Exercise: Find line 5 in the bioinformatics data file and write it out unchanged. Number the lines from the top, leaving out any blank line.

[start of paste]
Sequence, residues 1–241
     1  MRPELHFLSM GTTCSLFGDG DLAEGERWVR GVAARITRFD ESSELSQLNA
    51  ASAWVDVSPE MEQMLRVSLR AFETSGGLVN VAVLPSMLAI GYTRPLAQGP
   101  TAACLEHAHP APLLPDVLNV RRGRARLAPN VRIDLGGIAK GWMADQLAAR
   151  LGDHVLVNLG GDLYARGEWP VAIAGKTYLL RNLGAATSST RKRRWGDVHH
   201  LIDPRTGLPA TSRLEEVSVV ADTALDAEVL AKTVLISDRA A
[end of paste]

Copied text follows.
   151  LGDHVLVNLG GDLYARGEWP VAIAGKTYLL RNLGAATSST RKRRWGDVHH